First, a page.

Happy Bear Software

Rolify, Active Model Serializers and the N+1 Problem

Rolify is a popular gem that helps to manage roles in a Rails application. It allows you to create three types of roles:

@user.add_role(:admin)               # global role
@user.add_role(:admin, Forum)        # class role
@user.add_role(:admin, Forum.first)  # instance role

The gem adds two tables to your database (roles and users_roles), and provides useful methods to easily add, remove, list and check roles. In this article, we will discuss the has_role? method, which checks if the user has a specific role in the system:

@user.add_role(:admin, Forum.first)    #=> adds the admin role for @user in the first forum

@user.has_role?(:admin, Forum.first)   #=> true
@user.has_role?(:admin, Forum.last)    #=> false

Active Model Serializers

Active Model Serializers is another popular gem used to serialize your API JSON responses. You can easily specify the attributes to be included in the JSON response.

Let's say we have an index action that lists all the forums in your application, and we want to return only the title, description and the list of allowed actions based on the current user roles. If the current_user has the role admin in a specific forum, we can add the update permission to the list of allowed actions:

class ForumSerializer < ActiveModel::Serializer
  attributes :title, :description, :actions

  def actions
    current_user.has_role?(:admin, object) ? ['update'] : []

If you have three forums and the current user is admin only in the first forum, the JSON response would return something like:

 {'title': 'forum 1', 'description': 'some description', 'actions': ['update']},
 {'title': 'forum 2', 'description': 'some description', 'actions': []},
 {'title': 'forum 3', 'description': 'some description', 'actions': []}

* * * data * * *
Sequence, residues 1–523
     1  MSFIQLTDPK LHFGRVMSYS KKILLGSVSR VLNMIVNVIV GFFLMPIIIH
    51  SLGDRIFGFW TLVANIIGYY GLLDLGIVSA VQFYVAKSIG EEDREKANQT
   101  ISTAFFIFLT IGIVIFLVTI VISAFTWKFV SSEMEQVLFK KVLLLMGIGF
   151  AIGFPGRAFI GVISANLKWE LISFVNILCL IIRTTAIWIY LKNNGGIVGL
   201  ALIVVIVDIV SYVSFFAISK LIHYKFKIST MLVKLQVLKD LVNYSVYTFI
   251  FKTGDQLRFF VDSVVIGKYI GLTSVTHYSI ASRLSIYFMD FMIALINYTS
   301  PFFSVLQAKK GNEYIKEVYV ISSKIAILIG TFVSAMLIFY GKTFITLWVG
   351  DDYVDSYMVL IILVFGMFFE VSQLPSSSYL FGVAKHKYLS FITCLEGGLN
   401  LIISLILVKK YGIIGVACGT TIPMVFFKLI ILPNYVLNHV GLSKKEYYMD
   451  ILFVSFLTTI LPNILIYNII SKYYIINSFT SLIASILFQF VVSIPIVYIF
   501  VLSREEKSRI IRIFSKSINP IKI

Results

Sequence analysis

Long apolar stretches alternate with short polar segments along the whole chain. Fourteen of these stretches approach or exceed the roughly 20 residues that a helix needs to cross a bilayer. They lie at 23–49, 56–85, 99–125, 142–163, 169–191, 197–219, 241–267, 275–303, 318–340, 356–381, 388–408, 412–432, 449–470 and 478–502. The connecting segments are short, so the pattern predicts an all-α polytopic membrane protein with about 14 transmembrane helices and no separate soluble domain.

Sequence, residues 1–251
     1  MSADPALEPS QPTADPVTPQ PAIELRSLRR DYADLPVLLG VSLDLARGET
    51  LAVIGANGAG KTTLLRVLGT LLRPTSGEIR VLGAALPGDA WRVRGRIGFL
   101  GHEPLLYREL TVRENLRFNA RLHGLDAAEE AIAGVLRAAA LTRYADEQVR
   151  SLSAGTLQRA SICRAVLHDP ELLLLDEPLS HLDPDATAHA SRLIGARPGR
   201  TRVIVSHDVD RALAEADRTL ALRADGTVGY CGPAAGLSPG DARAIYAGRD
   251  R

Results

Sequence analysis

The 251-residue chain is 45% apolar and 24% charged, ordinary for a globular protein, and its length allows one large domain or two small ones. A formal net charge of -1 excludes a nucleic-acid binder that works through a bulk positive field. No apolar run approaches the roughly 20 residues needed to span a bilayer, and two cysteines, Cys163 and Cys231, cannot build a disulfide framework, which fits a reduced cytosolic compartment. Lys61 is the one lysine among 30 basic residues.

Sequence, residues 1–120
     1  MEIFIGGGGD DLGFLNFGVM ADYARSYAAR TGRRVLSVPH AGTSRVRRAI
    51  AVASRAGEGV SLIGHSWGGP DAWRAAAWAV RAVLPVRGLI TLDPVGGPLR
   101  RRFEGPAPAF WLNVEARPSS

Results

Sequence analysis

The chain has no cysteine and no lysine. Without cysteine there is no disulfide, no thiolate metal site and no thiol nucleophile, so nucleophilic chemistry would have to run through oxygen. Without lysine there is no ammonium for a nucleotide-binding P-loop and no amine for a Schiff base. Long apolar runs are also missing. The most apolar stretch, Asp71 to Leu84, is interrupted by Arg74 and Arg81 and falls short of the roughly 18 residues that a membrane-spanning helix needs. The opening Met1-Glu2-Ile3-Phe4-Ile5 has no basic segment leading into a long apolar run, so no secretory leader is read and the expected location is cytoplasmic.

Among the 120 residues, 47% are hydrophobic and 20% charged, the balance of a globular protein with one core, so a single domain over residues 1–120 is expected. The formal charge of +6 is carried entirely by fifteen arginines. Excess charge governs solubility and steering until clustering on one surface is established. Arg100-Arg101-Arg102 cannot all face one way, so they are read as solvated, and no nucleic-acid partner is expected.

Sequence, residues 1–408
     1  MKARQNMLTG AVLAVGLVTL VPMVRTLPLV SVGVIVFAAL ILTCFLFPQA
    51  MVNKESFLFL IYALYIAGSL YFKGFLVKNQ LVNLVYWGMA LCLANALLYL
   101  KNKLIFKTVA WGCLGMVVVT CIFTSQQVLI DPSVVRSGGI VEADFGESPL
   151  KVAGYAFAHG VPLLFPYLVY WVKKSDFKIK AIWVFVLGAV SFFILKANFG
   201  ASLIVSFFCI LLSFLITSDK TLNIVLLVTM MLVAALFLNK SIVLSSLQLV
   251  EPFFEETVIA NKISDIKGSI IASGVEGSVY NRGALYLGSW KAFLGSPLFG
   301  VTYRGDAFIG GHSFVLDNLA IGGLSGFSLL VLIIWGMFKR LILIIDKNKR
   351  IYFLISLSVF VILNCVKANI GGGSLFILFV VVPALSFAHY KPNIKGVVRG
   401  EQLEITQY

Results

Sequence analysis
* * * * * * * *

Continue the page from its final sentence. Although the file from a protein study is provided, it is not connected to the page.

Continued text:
N+1 Problem

At first glance everything looks good, our roles work just fine, and the serializer is returning the expected json format. However, if you keep adding more forums to your system, you will notice at some point a considered decrease in performance.

The problem lies in the has_role? method, which calls the where condition, creating a new query everytime we use the has_role?. So, if you have a list of 5K forums, you should go have a coffee and wait for the 5k queries to finish...



In order to solve the N+1 problem, we could preload the user roles and then use ruby enumerables to check if there is any role matching the conditions. Having that in mind, we can change our serializer to avoid the has_role? method:

class ForumSerializer < ActiveModel::Serializer
  attributes :title, :description, :actions

  def actions
    roles = current_user.roles.find_all do |role|
      role.resource_id == object.id && role.resource_type == 'Forum' && role.name == 'admin'
    roles.any? ? ['update'] : []

In this way we can achieve the same result with a couple of queries: N+1

Or, you could create a generic solution for your application implementing a method in the User model as discussed in this issue.

Good News

Based on the above issue, a pull request was recently merged into the master branch. This PR adds the has_cached_role? feature to the Rolify gem. At the time this article was written the latest version of gem didn't have the has_cached_role? yet, but you can take advantage of it using the master branch. Just add the following to your Gemfile:

gem "rolify", git: 'git://github.com/RolifyCommunity/rolify.git'

In this way, you should be able to use the has_cached_role? method in the serializer:

class ForumSerializer < ActiveModel::Serializer
  attributes :title, :description, :actions

  def actions
    current_user.has_cached_role?(:admin, object) ? ['update'] : []

- Gabriel Hilal

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